According to al-Balawi, from his various wives and concubines, Ibn Tulun had 33 children, 17 sons and 16 daughters. The only modern edition of al-Balawi provides the following list:
- Male children: Abū al-Faḍl al-ʿAbbās (the eldest), Abū al-Jaysh Khumārawayh, Abū al-Ashāʾir Muḍar, Abū al-Mukarram Rabīʿah, Abū al-Maqānib Shaybān, Abū Nāhiḍ 'Iyāḍ, Abū Maʿd ʿAdnān, Abū al-Karādīs Kazraj, Abū Ḥabshūn ʿAdī, Abū Shujāʿ Kindah, Abū Manṣūr Aghlab, Abū Lahjah Maysarah, Abū al-Baqāʾ Hudā, Abū al-Mufawwaḍ Ghassān, Abū al-Faraj Mubārak, Abū ʿAbdallāh Muhammad, and Abū al-Fataj Muẓaffar.
- Female children (note that only 15 names are listed): Fāṭimah, Lamīs, (unreadable), Ṣafiyyah, Khadījah, Maymūnah, Maryam, ʿĀʾishah, Umm al-Hudā, Muʾminah, ʿAzīzah, Zaynab, Samānah, Sārah, and Ghurayrah.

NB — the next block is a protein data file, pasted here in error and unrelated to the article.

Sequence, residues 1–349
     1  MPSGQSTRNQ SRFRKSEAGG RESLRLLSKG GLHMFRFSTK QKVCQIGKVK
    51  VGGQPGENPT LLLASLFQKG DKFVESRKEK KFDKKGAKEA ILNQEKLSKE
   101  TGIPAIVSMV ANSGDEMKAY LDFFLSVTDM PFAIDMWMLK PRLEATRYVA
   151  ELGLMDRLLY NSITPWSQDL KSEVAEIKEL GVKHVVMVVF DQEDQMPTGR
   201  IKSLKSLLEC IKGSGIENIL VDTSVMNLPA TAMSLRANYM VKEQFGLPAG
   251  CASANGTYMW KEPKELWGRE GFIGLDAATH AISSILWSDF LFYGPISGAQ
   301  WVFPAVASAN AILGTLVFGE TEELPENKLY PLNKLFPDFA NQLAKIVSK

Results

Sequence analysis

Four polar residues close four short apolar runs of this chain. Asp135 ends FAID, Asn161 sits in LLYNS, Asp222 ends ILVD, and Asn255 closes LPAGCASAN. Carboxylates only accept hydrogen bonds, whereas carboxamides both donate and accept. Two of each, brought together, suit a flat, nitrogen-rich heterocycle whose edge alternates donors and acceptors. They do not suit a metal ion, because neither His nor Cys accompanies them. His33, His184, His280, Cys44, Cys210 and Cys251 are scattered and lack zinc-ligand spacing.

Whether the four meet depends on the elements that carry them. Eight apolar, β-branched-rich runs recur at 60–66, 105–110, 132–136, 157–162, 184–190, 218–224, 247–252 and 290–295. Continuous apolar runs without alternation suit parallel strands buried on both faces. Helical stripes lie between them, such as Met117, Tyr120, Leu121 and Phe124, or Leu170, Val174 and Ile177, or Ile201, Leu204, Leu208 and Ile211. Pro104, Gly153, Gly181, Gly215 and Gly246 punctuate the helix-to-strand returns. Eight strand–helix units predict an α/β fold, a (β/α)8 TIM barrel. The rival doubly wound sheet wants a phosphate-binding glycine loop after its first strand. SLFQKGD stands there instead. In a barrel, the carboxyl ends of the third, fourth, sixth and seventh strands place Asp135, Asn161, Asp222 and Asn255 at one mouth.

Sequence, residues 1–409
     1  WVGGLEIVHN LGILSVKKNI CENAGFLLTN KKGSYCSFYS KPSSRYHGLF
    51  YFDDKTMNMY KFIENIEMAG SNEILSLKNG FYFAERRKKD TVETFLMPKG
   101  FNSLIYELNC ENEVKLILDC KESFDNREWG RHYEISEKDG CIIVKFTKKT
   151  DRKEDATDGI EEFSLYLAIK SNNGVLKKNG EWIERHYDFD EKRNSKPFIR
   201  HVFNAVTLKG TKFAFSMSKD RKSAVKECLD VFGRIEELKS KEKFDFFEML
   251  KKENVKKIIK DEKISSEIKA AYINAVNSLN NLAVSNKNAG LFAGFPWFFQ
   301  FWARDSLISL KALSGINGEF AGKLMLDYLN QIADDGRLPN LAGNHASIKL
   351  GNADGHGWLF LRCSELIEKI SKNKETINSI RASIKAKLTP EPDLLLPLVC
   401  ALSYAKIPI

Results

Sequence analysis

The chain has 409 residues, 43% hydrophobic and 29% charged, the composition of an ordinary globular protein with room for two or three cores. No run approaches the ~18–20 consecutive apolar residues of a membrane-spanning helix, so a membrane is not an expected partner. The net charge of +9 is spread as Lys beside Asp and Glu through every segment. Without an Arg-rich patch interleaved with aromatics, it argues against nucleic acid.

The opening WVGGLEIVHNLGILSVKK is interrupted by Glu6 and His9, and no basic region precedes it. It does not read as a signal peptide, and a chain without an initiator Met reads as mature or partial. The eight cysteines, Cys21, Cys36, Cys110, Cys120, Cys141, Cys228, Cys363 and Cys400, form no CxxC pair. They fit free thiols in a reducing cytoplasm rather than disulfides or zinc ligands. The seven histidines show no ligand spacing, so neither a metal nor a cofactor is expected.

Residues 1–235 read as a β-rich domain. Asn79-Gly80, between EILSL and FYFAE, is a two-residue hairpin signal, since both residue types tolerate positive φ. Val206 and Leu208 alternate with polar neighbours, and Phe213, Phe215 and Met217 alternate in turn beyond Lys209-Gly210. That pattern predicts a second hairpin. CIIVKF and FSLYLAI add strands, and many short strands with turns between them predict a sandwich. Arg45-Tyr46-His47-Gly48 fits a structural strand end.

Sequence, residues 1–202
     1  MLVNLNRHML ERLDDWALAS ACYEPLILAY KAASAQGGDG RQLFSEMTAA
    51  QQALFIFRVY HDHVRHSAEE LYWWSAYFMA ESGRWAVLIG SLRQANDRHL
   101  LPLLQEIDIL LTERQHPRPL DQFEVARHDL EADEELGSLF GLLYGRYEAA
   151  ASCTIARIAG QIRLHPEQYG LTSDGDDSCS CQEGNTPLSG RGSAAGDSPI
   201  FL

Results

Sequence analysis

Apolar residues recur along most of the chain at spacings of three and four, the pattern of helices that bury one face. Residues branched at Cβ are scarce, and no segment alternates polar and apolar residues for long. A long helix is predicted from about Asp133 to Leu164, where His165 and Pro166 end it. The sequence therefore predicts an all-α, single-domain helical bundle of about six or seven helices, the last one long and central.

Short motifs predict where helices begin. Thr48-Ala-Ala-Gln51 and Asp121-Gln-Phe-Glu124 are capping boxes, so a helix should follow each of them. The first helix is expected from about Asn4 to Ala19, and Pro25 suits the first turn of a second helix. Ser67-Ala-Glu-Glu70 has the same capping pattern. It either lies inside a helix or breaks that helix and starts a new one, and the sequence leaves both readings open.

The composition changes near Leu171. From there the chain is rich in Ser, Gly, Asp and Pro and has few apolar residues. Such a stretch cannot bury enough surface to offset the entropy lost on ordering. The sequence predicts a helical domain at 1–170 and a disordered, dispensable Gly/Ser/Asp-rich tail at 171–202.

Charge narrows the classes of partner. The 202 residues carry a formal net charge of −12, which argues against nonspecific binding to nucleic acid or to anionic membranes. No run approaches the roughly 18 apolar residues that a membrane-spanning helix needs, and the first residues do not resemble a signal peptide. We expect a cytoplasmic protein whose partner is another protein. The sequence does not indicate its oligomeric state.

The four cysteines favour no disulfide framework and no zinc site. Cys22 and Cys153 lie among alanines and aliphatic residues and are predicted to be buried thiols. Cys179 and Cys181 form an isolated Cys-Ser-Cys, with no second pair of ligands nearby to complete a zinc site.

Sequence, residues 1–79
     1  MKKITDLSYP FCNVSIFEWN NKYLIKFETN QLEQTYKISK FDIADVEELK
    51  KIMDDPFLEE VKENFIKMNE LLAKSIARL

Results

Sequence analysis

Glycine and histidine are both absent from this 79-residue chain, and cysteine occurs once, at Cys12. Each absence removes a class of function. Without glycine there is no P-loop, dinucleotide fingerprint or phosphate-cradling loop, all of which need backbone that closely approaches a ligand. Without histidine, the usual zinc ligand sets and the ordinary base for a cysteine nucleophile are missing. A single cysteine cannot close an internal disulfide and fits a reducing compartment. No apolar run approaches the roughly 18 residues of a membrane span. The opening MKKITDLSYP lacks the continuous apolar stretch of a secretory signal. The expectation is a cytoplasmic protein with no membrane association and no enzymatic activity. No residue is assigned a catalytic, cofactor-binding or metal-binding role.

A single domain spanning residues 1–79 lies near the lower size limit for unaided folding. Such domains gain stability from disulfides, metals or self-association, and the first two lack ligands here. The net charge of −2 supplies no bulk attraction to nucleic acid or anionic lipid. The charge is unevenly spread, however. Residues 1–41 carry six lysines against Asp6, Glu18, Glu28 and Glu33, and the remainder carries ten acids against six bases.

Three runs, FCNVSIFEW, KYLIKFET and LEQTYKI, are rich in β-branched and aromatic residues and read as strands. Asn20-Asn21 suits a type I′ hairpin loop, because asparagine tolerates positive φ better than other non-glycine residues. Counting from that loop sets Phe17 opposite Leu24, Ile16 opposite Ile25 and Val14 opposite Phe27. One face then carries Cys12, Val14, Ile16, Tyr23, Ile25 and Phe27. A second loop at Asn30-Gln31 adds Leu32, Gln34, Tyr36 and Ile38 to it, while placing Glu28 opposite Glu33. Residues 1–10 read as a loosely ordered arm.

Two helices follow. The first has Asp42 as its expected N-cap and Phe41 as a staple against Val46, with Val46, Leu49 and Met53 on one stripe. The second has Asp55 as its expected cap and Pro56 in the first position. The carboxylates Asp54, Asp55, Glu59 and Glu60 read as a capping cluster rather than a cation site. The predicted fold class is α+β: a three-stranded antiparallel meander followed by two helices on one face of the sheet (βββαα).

Despite the brief duration of his dynasty, Ibn Tulun's rule was a seminal event not only for Egypt, but for the entire Islamic world. For Egypt itself, his reign marks a turning point as the country for the first time since the Pharaohs ceased being a passive province subject to a foreign imperial power, and became once again a political actor in its own right. The new realm Ibn Tulun forged, encompassing Egypt and Syria as well as the Jazira and Cilicia, and to a lesser extent the eastern parts of the Maghreb, established a new political zone separated from the Islamic lands further east, restoring in a fashion the frontier that had existed between the Roman/Byzantine and Sassanid Persian realms in Antiquity. Egypt was the basis of Ibn Tulun's power; he paid particular attention to restoring its economy, as well as establishing an autonomous bureaucracy, army, and navy. These policies were continued by later Egypt-based regimes, the Ikhshidids (935–969) and eventually the Fatimids (969–1171), who likewise used Egypt's wealth to establish control over parts or even most of Syria. Indeed, as Thierry Bianquis remarks, the territory ruled by Ibn Tulun in Syria was remarkably similar to that controlled by the later Egypt-based regimes of Saladin and the Mamluk Sultanate.